All photos published on Unsplash can be used for free. You may use them for commercial and noncommercial purposes. According to Unsplash “You do not need to ask permission from or provide credit to the photographer or Unsplash, although it is appreciated when possible.”
Google images has a feature to filter by images that are labelled as having a license for reuse:
Before reusing Google Images content, make sure that its license is legitimate. Check the exact terms of reuse. For example, the license might require that you give credit to the image creator when you use the image.
Be aware of the differences between Australian copyright law and overseas law. The US for example has a “fair use” element to their law that Australia does not. In the US, as far as I’m aware, it may be acceptable to use a small portion of copyright material for things like satire and education.
The Australian Copyright Agency’s position on the US’ fair use system is that it is not fair.
As an education institute, Accellier pay an annual fee for a special educational license to use certain amounts of copyrighted material. If you’re a trainer, it is likely that any RTO you work for will do the same.
If you’re a student doing your Cert IV in Training and Assessment, certain units you’re assessed on imply that you should adhere to copyright legal requirements.
This is because you need to demonstrate knowledge of “relevant policies, legal requirements, codes of practice and national standards, including commonwealth and state or territory legislation, that may affect training and assessment in the VET sector.” In short, this includes complying with copyright law.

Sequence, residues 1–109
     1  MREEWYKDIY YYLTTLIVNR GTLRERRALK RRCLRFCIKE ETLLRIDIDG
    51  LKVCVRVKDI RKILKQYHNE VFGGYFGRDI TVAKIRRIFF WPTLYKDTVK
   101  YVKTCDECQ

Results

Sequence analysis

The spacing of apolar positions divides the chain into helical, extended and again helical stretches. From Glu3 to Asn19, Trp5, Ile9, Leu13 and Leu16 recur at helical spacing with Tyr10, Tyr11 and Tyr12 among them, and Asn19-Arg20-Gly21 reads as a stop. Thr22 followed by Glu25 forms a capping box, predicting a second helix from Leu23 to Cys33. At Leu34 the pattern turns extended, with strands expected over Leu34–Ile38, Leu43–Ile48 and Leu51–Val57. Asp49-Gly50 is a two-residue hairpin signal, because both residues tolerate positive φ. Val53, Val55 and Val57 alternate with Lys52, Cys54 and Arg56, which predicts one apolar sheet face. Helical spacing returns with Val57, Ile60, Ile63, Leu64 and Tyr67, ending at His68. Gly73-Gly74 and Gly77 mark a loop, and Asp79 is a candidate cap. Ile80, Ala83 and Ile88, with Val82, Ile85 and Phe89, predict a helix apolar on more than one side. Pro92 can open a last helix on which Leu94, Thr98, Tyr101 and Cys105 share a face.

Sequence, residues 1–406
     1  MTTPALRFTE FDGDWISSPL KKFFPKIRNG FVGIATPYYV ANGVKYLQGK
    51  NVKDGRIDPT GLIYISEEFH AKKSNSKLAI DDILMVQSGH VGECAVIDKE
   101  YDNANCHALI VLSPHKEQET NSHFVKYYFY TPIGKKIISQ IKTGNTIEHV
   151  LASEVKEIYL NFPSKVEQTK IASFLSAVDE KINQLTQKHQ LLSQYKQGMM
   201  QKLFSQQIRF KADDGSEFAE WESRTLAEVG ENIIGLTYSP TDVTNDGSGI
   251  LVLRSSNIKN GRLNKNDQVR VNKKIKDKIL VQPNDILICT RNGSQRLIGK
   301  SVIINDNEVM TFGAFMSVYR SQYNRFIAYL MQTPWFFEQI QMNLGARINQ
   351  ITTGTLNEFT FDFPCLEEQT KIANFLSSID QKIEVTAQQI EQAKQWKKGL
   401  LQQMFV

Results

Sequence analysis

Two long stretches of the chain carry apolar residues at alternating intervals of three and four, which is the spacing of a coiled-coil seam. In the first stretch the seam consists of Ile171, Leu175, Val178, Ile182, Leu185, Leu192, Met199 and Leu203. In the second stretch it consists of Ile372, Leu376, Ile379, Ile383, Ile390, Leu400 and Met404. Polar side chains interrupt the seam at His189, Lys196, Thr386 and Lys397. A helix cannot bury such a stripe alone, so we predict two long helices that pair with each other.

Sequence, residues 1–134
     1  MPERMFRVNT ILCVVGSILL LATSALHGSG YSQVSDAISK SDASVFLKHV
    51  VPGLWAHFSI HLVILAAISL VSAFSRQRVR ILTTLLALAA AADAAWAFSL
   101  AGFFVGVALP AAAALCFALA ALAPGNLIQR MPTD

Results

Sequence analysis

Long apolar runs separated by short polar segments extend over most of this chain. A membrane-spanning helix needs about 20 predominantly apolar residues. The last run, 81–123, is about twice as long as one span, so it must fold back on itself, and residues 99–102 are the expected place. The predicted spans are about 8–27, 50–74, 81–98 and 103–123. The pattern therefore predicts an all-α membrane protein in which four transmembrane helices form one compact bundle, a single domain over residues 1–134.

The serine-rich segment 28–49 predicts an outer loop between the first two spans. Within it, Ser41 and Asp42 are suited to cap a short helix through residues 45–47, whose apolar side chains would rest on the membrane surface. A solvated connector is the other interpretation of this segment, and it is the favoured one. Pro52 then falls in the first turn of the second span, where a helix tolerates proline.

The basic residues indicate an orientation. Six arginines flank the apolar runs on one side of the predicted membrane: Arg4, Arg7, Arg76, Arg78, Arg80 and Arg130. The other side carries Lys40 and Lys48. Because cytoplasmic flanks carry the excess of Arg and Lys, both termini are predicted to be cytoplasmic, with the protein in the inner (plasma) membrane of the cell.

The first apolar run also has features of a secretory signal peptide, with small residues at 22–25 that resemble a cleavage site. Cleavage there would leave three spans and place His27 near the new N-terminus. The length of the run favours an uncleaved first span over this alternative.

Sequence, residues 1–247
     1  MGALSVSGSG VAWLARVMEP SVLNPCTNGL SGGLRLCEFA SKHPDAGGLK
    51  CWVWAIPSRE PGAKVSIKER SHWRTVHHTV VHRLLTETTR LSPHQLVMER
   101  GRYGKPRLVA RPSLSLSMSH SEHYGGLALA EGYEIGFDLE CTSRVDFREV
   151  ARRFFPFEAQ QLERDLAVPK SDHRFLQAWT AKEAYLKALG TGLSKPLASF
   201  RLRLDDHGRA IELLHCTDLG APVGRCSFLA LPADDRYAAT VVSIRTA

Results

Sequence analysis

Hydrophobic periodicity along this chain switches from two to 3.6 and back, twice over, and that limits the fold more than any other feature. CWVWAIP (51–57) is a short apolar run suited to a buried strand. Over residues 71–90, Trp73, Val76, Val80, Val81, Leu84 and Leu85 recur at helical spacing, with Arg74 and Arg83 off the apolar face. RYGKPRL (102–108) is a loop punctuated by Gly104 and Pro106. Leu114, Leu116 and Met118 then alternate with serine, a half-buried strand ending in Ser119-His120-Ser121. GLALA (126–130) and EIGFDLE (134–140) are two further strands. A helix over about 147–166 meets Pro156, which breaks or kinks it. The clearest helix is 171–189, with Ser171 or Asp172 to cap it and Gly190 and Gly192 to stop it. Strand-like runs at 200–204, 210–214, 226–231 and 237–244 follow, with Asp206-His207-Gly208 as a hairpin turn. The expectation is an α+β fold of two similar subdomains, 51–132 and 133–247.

As most RTOs will hold the education license for copyright, so long as rights, responsibilities, policies, procedures and usage restrictions are confirmed, TAE students are likely to be able to use certain amounts of copyrighted material in presentations and the like.
Again, we remind you of the rule of thumb, “if in doubt, leave it out.”
The Australian Copyright Council has a range of fact sheets and useful Q&A on their website.
Graduates of our programs become confident and competent in navigating things like copyright in their courses. If you’d like to enquire about doing one of these courses with us, reach out below.
Accellier was approached to assist over 50 highly skilled professionals within the organisation achieve Certificate IV in Training and Assessment.Department of Planning, Industry and Environment
Learn more about Kevin and Rick’s Recognition of Prior Learning (RPL) story in the BSBSS00090 Auditing Skill Set Auditing Skill Set, including info on the BSB51615 Diploma of Quality Auditing.RPL for the BSB51615 Diploma of Quality Auditing or Skill Set
Watch this video and learn more about how Accellier Education helped Fireground Leadership and Training with their Certificate IV in Training and Assessment qualifications.